Heard of Starforge? I hadn’t either. But after the developer, Codehatch, dropped the trailer on Reddit, Starforge’s website has been swamped, and downloads for its first release have been restricted to torrents because of the massive demand.
The basic premise is similar to Minecraft. Defend your base against attacking monsters while constructing defenses block-by-block. Except the engine uses procedural 3D tilesets to create realistic surfaces, avoiding the samey appearance of Minecraft structures. Also, rather than using tacky torches, the player can place enormous pivoting spotlights which highlight monsters and make dark spaces look even darker by contrast. Add in the automated turrets, and the differences between Minecraft begin to stack up.
Also, helicopters in space.
More Starforge, and the trailer, after the break.
Two game modes are planned for Starforge. The first is Survival World, which pretty much does what it says on the tin. The player and a couple of friends have to gather resources and create a defensible base in order to survive.
The second is Fort Wars, and is derivative of the RTS, FPS, and tower defense genres. Rather than defending against monsters, the player has to defend against an opponent, while managing the creation of workers and gathering of resources.
Both modes are planned to contain character growth, as well as a variety of weapons which can be constructed using resources gathered.
Starforge boasts an impressive physics engine, although it still looks very in-development so far. The player character reacts as realistically as a ragdoll can when being whipped by a rotating arm, although at that speed, the engine should probably just skip the physics and turn the character into a soggy paste.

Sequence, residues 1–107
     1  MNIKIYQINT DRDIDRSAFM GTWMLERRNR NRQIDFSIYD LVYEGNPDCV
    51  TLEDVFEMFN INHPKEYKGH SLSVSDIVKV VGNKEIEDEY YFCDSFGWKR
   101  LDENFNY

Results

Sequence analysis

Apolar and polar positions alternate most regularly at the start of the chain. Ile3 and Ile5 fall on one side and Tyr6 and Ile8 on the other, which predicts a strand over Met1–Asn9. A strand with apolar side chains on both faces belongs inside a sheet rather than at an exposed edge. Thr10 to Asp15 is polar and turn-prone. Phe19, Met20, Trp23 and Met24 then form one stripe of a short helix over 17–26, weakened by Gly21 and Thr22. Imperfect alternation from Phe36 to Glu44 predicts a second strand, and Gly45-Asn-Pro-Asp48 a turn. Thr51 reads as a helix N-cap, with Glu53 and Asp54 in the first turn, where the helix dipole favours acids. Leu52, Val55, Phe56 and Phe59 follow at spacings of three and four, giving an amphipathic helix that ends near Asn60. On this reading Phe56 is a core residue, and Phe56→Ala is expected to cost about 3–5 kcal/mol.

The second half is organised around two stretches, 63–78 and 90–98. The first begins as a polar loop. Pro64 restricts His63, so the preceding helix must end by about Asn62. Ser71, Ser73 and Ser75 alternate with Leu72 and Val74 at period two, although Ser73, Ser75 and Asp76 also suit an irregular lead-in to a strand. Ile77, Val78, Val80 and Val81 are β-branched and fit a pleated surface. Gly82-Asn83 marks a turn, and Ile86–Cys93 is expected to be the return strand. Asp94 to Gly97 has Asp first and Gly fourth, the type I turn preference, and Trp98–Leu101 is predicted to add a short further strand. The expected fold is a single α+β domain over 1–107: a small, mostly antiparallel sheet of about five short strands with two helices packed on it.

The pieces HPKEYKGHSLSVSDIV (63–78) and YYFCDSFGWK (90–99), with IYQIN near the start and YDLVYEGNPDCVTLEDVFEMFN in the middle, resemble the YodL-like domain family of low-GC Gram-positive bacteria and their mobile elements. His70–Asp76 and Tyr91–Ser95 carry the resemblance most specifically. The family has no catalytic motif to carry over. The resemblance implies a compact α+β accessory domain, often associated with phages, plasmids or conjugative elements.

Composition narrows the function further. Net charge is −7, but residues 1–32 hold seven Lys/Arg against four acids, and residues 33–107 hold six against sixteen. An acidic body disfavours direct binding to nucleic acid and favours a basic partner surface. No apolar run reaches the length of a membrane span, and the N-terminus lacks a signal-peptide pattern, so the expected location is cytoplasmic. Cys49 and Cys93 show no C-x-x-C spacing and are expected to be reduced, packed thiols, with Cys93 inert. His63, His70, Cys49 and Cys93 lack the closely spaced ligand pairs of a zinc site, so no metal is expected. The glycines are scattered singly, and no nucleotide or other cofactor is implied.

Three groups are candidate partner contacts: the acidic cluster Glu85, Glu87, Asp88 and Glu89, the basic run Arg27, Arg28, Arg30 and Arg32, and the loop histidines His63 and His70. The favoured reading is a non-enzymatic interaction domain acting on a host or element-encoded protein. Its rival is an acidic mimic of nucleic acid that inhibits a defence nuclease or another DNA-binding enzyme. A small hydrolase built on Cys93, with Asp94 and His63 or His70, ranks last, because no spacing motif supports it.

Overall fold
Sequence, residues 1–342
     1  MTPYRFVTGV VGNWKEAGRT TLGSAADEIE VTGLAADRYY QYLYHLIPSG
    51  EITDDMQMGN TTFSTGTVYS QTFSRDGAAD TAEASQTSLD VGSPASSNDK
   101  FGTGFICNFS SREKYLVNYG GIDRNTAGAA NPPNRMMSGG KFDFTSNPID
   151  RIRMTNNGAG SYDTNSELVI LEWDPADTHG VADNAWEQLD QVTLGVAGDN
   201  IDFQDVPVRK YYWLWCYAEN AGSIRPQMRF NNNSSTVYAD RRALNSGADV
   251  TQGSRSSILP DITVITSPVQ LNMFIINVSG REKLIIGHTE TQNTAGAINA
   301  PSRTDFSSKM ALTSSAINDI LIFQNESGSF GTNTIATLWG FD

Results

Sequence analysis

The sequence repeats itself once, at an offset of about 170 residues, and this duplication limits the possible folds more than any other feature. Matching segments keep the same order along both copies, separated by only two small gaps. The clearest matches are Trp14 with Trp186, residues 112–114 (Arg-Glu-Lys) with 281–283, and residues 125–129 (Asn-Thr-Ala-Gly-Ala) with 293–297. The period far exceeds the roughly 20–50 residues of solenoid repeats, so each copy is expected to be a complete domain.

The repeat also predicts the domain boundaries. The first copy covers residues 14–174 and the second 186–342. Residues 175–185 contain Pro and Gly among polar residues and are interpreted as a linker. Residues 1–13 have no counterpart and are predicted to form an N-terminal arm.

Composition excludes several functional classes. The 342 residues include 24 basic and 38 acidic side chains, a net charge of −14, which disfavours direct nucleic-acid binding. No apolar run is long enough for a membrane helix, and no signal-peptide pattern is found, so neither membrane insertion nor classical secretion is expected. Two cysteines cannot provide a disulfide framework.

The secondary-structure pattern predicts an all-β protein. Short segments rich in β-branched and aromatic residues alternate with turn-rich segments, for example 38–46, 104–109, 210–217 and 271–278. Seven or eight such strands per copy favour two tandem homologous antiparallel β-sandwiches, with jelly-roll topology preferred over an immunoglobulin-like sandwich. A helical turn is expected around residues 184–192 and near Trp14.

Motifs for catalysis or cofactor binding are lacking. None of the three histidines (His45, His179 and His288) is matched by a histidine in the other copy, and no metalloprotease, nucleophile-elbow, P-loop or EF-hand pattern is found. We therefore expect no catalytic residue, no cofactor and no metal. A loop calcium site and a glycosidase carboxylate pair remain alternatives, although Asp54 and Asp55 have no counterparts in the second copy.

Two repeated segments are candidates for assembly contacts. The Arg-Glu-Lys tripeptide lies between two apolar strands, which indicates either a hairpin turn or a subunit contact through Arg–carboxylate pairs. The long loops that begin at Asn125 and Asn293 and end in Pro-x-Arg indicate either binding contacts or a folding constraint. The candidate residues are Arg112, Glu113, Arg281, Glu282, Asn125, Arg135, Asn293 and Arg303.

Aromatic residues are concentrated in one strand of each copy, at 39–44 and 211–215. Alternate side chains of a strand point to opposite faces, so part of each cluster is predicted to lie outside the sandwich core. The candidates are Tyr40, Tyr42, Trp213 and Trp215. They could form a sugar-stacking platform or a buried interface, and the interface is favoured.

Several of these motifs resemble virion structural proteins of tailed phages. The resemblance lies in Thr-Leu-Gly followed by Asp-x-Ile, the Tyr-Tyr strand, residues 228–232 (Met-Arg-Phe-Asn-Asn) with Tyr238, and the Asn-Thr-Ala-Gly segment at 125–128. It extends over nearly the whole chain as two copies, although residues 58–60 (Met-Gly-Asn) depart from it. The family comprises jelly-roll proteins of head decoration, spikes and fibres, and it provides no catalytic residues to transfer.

Before Mojang raised the world ceiling for Minecraft, Starforge could have boasted that it played in the sky where Minecraft played in the ground. But even both games now have access to the far reaches of the atmosphere, Starforge still lays claim to vastly superior graphics and one hell of a skybox. Apparently, the player can use the voxel-based construction applied only for land design to create mountains which reach all the way past the clouds.
According to the website, it looks as though there are a lot of features Codehatch is still sitting on for later releases. Since Starforge is going to be free, Codehatch is setting up the foundation to sell alternative skins and characters with different stats and access to different tilesets.
The game is not well-optimized yet, and may not run on low-end computers. Direct downloads for the first release of Starforge are scarce right now, but Reddit’s Starforge community will likely be maintaining accurate torrent information if you want to try it for yourself.